More than 180 donors, students and university leaders gathered to celebrate scholarship giving at the USF Health Morsani College of Medicine on March 31 at USF’s Marshall Student Center.
The annual event, now in its eighth year, united scholarship donors with the student recipients who benefit from their support.
“Scholarships make it possible for students like us to follow our passions and serve the underserved,” said fourth-year MD/MPH student Nicole Teal, who founded the USF Health Nicaragua, a coalition of students and faculty who provide clinical care in Cedro Galan, Nicaragua. “The collective goal of the Morsani College of Medicine to prepare the next generation of compassionate, empathetic physicians, and all of you here are helping us to achieve that.”
Following Teal’s address, the scholarship recipients rose individually to announce their gratitude to their donors, culminating in a standing ovation for the donors at the end of the night.
Several members of USF Health leadership spoke at the event, including Medicine Student Council President Neil Manimala, Associate Vice President Kimberly Constantine, Vice Dean for Educational Affairs Bryan Bognar, and Charles Lockwood, dean of the Morsani College of Medicine and senior vice president for USF Health.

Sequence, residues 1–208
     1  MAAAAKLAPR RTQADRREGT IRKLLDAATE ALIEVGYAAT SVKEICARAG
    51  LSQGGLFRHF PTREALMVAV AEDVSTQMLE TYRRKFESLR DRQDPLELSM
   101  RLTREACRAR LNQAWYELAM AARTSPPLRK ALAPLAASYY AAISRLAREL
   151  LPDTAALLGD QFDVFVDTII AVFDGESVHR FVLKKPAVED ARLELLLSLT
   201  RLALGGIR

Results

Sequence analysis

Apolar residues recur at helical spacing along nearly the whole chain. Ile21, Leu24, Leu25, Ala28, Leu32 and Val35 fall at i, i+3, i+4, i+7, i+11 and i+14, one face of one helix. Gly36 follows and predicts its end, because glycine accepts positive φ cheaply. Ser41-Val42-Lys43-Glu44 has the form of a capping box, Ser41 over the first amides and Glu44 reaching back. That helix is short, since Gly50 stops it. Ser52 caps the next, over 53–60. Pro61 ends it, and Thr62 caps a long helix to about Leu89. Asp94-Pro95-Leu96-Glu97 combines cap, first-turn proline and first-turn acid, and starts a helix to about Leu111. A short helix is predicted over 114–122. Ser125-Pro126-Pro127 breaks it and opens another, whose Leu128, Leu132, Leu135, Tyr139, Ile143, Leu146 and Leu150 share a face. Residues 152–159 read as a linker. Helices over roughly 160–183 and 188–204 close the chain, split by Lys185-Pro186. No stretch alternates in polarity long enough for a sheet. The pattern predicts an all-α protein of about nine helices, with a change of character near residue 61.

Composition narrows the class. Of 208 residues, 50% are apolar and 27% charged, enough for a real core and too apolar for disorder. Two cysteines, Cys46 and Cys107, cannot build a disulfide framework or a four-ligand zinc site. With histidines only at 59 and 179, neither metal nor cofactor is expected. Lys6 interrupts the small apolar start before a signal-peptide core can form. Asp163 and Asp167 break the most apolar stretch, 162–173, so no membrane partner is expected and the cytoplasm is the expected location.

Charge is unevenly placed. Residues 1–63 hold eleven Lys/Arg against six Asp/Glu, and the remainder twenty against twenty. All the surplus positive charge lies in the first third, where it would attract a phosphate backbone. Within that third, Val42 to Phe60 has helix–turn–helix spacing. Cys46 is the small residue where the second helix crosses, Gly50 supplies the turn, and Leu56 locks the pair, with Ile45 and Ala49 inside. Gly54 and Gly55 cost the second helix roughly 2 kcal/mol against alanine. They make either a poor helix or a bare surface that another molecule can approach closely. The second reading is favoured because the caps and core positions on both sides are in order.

“Last year alone, we raised more than $1.6 million in scholarship funds for the Morsani College of Medicine, and we’ve had more alumni, faculty and staff give than ever before in our history,” said Constantine, who emceed the event and directs the development and alumni relations office for USF Health.
Scholarship fundraising remains a top priority for the University of South Florida, and the medicine program in particular. “We’re now attracting some of the most qualified medical school applicants in the nation,” said Lockwood. “So in order to keep recruiting and retaining these top students, scholarships will become an increasingly important factor.”
Lockwood noted that the average USF MD student graduates with around $158,000 in educational debt. By reducing that debt load, donor-funded scholarships increase career options for talented students upon graduation by allowing them to choose lower-paying specialties or practice in underserved areas.
Two of the winners of the 2016 USF Health Bandaids for BRIDGE Talent Show, MD/MPH student Samson Lu and Cienna Wesley MPH ’14, performed at the event. Attendees also watched “>a video that featured testimonials by several Morsani College of Medicine scholarship recipients.
To learn more about supporting scholarships at USF Health, visit bit.ly/USFHealthScholarships.